14. No more stains on my underwear
15. Cleaning and storing the cup is super easy between 2 cycles, similar to how we sterlize baby bottles
16. During the period, after every 3 – 4 hours, I simply empty the cup in the toilet and rinse it well with the hand flush or a mug of water and insert it back in
17. In comparison to the amount of money I used to waste on sanitary napkins month on month, the price of this cup is dirt cheap

I wish many more ladies from all walks of life and of all shapes and sizes transition to cups and cloth pads soon.

Happy Periods to all the women out there! Go on, make the switch, it is a better gift to your self than Diamonds and Chocolates!

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Saumye Dahake- An eager and zealous ambassador for menstrual cups and cloth pads.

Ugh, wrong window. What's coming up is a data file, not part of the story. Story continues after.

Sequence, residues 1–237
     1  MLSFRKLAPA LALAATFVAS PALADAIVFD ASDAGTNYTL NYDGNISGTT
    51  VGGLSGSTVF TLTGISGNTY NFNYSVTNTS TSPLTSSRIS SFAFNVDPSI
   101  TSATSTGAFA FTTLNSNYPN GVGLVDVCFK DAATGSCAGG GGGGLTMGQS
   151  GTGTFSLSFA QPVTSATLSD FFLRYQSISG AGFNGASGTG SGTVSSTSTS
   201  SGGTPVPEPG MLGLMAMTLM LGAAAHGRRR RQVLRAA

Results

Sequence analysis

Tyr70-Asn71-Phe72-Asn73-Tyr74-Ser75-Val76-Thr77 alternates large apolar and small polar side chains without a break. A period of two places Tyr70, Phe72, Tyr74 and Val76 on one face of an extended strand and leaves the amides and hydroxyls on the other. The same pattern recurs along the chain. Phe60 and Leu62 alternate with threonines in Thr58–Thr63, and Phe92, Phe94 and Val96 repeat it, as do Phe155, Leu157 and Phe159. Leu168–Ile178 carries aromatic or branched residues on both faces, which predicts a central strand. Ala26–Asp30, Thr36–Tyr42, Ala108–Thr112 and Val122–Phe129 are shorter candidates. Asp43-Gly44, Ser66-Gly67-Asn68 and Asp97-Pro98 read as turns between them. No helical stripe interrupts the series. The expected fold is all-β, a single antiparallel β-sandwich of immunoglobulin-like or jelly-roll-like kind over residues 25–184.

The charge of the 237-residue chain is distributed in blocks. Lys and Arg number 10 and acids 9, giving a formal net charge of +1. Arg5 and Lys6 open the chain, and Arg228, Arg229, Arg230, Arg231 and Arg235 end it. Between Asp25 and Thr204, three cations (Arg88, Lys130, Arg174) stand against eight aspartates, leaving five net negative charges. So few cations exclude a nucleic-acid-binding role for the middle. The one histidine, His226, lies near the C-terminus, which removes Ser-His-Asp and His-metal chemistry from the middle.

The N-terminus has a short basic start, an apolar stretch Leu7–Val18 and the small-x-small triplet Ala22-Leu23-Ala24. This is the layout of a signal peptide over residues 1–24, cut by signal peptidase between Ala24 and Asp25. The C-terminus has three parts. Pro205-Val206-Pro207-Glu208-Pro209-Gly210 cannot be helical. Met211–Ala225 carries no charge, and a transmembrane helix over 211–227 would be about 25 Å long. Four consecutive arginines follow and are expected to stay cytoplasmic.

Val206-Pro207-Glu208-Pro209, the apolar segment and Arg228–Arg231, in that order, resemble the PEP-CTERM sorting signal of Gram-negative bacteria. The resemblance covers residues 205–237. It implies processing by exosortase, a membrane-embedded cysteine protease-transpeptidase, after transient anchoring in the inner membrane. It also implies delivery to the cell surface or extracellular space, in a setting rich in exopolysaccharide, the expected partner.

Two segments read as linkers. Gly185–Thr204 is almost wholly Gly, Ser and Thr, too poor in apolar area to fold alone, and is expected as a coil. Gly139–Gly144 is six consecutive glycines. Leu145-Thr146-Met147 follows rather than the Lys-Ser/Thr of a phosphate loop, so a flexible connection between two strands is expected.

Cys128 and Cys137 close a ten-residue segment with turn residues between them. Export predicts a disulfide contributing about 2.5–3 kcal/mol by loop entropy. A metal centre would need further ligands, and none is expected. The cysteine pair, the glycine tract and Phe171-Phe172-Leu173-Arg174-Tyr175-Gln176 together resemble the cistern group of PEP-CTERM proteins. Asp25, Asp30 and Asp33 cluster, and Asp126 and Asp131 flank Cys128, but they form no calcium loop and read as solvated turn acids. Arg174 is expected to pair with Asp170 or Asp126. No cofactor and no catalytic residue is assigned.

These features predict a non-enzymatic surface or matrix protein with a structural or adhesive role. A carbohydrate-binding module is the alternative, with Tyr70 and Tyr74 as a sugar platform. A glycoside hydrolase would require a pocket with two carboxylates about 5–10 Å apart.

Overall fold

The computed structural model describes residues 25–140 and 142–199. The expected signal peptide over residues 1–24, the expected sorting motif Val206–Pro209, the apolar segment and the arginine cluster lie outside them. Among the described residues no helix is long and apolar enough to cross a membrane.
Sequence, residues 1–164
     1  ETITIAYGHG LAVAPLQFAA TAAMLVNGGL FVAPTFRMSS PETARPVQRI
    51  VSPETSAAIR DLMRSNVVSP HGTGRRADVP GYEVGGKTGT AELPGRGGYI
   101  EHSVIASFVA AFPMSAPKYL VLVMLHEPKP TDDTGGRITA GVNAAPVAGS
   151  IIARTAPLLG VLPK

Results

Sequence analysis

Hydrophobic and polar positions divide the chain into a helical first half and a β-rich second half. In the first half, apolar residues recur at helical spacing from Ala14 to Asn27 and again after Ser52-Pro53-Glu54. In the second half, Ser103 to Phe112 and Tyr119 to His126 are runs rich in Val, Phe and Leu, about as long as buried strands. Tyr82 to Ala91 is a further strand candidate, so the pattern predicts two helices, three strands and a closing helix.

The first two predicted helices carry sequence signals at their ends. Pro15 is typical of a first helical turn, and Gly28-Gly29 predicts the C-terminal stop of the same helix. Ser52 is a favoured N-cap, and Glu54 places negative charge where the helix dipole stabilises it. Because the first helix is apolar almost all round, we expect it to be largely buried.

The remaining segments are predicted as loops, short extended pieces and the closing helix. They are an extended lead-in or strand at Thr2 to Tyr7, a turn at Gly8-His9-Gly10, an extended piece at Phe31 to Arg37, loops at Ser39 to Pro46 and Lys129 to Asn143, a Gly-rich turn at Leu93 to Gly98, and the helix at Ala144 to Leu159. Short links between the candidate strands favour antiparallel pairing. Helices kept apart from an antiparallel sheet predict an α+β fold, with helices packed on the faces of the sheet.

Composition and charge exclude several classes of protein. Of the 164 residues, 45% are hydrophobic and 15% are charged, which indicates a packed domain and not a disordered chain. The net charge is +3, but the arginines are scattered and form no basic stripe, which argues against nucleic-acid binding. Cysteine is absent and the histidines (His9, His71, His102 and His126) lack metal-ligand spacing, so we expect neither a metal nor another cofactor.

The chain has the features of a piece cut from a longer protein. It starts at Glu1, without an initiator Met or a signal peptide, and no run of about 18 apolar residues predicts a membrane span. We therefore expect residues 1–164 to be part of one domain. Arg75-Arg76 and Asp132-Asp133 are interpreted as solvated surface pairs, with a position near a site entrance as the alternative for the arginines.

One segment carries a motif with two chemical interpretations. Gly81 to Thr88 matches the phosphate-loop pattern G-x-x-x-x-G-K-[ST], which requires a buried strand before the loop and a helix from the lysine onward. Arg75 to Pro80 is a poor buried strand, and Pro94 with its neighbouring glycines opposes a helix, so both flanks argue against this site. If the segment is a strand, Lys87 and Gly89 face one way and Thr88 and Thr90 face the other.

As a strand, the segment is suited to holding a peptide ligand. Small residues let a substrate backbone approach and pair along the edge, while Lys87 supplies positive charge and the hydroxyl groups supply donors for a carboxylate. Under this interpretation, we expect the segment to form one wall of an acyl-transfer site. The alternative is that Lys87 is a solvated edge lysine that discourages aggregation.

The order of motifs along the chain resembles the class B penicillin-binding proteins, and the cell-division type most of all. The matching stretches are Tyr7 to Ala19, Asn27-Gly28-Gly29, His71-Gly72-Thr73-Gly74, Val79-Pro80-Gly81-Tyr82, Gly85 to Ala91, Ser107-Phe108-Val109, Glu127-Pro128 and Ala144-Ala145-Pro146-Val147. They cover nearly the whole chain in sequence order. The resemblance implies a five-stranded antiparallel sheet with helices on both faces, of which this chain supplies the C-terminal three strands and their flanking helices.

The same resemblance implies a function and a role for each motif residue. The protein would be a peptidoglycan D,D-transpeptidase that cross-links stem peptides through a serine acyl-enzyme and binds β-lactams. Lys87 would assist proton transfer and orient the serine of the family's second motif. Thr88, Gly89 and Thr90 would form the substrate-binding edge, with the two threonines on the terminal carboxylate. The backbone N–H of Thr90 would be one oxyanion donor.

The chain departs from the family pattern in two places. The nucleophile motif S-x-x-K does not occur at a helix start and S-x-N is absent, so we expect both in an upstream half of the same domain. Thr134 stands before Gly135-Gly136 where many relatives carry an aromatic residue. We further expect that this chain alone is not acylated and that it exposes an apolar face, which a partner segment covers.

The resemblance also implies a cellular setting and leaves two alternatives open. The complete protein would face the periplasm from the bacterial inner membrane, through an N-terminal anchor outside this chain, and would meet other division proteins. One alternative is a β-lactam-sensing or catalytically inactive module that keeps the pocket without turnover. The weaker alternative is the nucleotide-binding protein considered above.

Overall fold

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People with Periods: Rená

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My experience with Menstruation began when I was 11 years old!  Originally born in the 70’s to a hippie mother, nudity, sharing and bleeding were not hidden, so when I began to bleed it was extremely easy for me to walk up to my mother, pull down my pants and pull back my underwear while loud asking “what is this?, is this my period?”.

She confirmed that it was, so we marched into the bathroom and she pulled out some boxes of pads and tampons from under the sink and said these are what you should use to protect your clothes.  So I started with the pads, now lucky for me we had bypassed the stage of pads being held on my a very uncomfortable belt with snaps to hold a mattress like pad with extra long length between my legs.  This one had sticky stuff that smashed right into my underwear, period win!